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Majorca: finding the balance between tourism and local life

By Ella Palmer
11 June 2024
Travel, Tourism & Leisure

Ahead of a family trip to Majorca next month, I went straight to Google for the classic ‘best beaches in the area’ search. However, instead of a sandy Top Trumps between Cala Agulla and Portals Vells, I soon found myself deep into the current debate around the impact of tourism on the island.

Majorca, with its incredible beaches and rich culture is one of the most popular tourist destinations in Europe, but now the island is the subject of huge tension between the needs of its tourism industry and the wellbeing of its locals: last week around 10,000 people marched through the capital, Palma, protesting against the mass tourism they feel is overwhelming their home and demanding limits on the number of visitors to the island.

The issues are undoubtably significant: strained local resources, rising housing costs, and crowded roads, meaning Majorca Platja Tour, a local advocacy group, is now pushing for residents to reclaim their beaches and promote sustainable tourism practices.

While tourism is undeniably important, contributing 12%-13% to Spain's GDP, the negative impacts on local communities are hard to ignore.

Large numbers of tourists can put significant strain on local resources, including water, energy, waste management systems, leading to shortages and higher costs for residents, overwhelming local resources like water and waste management. Tourism is now driving up housing prices, especially with the rise of short-term rentals, such as Airbnb, which reduce the availability of long-term housing making it harder for locals to afford to live in their own communities. Overcrowded beaches and pollution can degrade the natural beauty - one of the things attracting the vast number of visitors to the island in the first place. While cultural exchange can be positive, there is also a risk of cultural erosion - local traditions and ways of life can be diluted or commercialised to cater to tourists, leading to a loss of cultural identity.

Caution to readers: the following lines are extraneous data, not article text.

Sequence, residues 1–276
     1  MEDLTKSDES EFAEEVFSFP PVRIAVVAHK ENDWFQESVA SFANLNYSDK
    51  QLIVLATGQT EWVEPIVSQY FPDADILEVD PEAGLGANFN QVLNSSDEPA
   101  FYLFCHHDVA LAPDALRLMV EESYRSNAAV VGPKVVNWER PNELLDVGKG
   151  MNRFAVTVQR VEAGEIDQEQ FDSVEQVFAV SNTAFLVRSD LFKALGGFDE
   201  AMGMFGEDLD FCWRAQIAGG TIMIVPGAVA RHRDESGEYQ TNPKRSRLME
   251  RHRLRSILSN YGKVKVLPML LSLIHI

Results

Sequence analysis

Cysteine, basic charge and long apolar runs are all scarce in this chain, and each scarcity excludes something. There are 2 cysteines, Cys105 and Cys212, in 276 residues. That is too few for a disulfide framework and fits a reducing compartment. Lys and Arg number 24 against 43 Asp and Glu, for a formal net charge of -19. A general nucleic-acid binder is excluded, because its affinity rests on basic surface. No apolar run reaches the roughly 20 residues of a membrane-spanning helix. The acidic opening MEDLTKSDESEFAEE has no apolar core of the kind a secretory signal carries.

However, tourism in Majorca is a major economic driver, creating jobs and business opportunities from hotels and restaurants to local shops and tour guides. An increase in tourists will often lead improvements in infrastructure, meaning better roads, enhanced public services and upgraded facilities, which benefit both tourists and the local community. Another benefit is that tourism can help with promote cultural interaction, allowing locals to share their heritage and traditions with visitors from all over the world, which will promote greater cultural and understanding and appreciation.

Can there be harmony?

Balancing the economic benefits of tourism with the quality of life for locals is challenging but possible. Sustainable tourism practices could be the solution, ensuring that visitors and locals can coexist without compromising the island's natural beauty and resources. This might include regulating tourist numbers, promoting off-season travel, supporting local businesses, and enforcing environmental protections.

Interestingly, as of 2024, visitors visiting Venice now have to pay a ‘tourist tax’ fee to enter – the city was forced to take action in tackling overtourism, aiming to manage the influx of visitors and protect its heritage – in the hope that implementing the entry charge, the city will become more liveable for its residents, yet remaining enjoyable to visitors.  

Majorca has the potential to serve as a model for sustainable tourism, preserving its charm and resources while still welcoming visitors. By working together, local authorities, businesses, residents and very importantly, we as tourists can create a harmonious balance that benefits everyone.

With thoughtful planning and cooperative effort, Majorca has the potential to serve as a model for other tourist destinations facing similar challenges. The goal is to create a sustainable tourism model that supports economic growth while preserving the local community's way of life and the island's unique charm.